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The oil and natural gas business involves a variety of operating hazards and risks such as well blowouts, pipe failures, casing collapse, explosions, uncontrollable flows of oil, natural gas or well fluids, fires, spills, pollution, releases of toxic gas and other environmental hazards and risks. These hazards and risks could result in substantial losses to us from, among other things, injury or loss of life, severe damage to or destruction of property, natural resources and equipment, pollution or other environmental damage, cleanup responsibilities, regulatory investigation and penalties and suspension of operations. In addition, we may be liable for environmental damages caused by previous owners of property purchased and leased by us. In recent years, there has also been increased scrutiny on the environmental risk associated with hydraulic fracturing, such as underground migration and surface spillage or mishandling of fracturing fluids including chemical additives. This technology has evolved and continues to evolve and become more aggressive. We believe that new techniques can increase estimated ultimate recovery per well to over 1.0 million barrels of oil equivalent, and have increased initial production two or three fold. We believe that recent designs have seen improvement in, among other things, proppant per foot, barrels of water per stage, fracturing stages, and clusters per fracturing stage. As a result, substantial liabilities to third parties or governmental entities may be incurred, the payment of which could reduce or eliminate the funds available for exploration, development or acquisitions or result in the loss of our properties and/or force us to expend substantial monies in connection with litigation or settlements. In addition, we will need to quickly adapt to the evolving technology, which could take time and divert our attention to other business matters. We currently have no insurance to cover such losses and liabilities, and even if insurance is obtained, it may not be adequate to cover any losses or liabilities. We cannot predict the availability of insurance or the availability of insurance at premium levels that justify our purchase. The occurrence of a significant event not fully insured or indemnified against could materially and adversely affect our financial condition and operations. We may elect to self-insure if management believes that the cost of insurance, although available, is excessive relative to the risks presented. In addition, pollution and environmental risks generally are not fully insurable. The occurrence of an event not fully covered by insurance could have a material adverse effect on our financial condition and results of operations.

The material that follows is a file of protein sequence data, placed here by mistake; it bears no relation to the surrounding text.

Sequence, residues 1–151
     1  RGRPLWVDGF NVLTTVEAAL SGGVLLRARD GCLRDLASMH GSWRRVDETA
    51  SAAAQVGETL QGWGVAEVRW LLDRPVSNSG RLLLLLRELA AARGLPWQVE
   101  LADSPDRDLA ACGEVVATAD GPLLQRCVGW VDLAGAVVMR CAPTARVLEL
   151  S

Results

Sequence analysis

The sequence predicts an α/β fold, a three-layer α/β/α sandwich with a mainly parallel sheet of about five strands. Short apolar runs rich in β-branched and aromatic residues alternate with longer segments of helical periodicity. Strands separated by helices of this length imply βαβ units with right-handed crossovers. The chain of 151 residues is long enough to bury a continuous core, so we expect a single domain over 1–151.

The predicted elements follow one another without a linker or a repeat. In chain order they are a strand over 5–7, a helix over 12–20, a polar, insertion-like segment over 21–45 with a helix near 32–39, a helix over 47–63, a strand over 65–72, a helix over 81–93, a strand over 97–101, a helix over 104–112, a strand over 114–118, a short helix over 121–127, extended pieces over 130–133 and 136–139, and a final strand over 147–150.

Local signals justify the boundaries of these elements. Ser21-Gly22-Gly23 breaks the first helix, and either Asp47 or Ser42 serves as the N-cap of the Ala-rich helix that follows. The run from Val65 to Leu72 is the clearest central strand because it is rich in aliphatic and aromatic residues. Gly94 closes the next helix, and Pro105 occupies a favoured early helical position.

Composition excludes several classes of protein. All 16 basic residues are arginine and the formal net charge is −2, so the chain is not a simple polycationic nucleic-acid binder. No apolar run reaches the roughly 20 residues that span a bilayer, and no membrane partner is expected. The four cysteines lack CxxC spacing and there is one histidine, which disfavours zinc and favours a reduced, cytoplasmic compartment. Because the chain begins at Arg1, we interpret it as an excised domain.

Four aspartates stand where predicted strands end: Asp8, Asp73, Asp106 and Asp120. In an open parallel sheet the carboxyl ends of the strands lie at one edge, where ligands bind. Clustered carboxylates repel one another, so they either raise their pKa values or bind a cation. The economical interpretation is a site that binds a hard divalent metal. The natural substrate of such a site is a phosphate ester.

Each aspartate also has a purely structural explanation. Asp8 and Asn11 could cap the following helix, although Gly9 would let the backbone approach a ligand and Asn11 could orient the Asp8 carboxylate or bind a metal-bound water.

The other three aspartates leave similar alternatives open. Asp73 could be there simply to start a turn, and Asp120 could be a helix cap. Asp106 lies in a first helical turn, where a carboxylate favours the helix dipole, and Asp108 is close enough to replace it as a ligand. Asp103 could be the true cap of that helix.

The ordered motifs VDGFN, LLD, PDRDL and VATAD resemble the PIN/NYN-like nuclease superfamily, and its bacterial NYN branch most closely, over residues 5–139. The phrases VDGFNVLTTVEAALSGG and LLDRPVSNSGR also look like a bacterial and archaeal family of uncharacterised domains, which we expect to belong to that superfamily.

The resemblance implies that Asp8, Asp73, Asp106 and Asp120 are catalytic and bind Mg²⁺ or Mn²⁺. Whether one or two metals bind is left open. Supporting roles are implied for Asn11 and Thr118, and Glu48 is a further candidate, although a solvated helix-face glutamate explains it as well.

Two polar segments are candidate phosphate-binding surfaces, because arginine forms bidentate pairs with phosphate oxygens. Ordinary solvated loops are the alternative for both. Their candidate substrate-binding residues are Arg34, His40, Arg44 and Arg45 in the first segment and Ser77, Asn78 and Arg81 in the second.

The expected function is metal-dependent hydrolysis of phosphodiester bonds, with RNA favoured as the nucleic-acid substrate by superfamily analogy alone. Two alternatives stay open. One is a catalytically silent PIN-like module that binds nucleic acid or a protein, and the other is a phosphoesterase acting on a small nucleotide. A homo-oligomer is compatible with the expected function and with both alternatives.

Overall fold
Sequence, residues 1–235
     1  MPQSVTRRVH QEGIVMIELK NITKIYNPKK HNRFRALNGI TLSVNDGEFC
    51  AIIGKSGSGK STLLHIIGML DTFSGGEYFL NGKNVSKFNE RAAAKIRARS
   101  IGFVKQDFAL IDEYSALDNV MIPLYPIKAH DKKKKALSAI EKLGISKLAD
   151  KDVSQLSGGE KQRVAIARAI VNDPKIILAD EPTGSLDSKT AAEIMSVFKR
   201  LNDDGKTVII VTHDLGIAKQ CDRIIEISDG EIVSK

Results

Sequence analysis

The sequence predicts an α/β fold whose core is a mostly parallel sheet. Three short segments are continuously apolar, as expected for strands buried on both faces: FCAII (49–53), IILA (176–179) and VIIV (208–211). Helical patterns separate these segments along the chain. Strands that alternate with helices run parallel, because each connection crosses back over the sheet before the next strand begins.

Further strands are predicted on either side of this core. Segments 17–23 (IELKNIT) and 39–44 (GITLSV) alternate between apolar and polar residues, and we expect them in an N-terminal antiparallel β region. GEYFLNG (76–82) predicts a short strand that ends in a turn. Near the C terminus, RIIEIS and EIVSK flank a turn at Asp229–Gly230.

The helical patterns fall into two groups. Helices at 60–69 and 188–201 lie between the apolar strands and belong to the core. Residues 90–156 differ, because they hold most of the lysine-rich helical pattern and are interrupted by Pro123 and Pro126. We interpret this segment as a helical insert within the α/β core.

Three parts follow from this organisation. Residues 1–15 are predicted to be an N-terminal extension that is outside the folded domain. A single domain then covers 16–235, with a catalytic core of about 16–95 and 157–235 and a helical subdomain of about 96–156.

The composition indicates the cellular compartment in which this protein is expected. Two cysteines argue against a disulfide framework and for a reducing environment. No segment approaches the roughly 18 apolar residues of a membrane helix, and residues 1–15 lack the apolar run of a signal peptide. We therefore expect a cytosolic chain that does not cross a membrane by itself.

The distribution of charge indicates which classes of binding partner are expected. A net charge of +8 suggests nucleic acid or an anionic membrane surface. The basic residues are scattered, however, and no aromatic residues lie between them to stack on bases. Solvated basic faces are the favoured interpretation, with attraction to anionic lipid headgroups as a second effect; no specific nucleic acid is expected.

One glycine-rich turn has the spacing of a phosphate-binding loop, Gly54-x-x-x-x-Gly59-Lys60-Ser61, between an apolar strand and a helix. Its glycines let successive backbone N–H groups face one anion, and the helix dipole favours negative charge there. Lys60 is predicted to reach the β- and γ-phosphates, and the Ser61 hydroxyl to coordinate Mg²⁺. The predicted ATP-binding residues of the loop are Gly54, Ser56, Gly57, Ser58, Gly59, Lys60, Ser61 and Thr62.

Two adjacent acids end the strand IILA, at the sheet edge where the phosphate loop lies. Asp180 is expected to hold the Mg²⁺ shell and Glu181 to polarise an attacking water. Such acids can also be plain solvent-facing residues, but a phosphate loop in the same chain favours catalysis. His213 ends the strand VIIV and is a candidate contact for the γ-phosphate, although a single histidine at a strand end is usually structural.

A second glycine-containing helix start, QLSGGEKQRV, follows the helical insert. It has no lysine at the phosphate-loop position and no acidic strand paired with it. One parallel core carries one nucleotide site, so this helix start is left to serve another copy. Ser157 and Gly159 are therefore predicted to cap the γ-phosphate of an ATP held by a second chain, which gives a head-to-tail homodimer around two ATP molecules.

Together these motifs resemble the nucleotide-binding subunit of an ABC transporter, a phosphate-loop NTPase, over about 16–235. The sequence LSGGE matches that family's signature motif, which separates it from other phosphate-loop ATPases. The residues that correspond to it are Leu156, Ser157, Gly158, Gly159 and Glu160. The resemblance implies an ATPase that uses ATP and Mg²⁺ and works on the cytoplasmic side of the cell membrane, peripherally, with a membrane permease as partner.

The market for oil and gas is intensely competitive, and competition pressures could force us to abandon or curtail our business plan.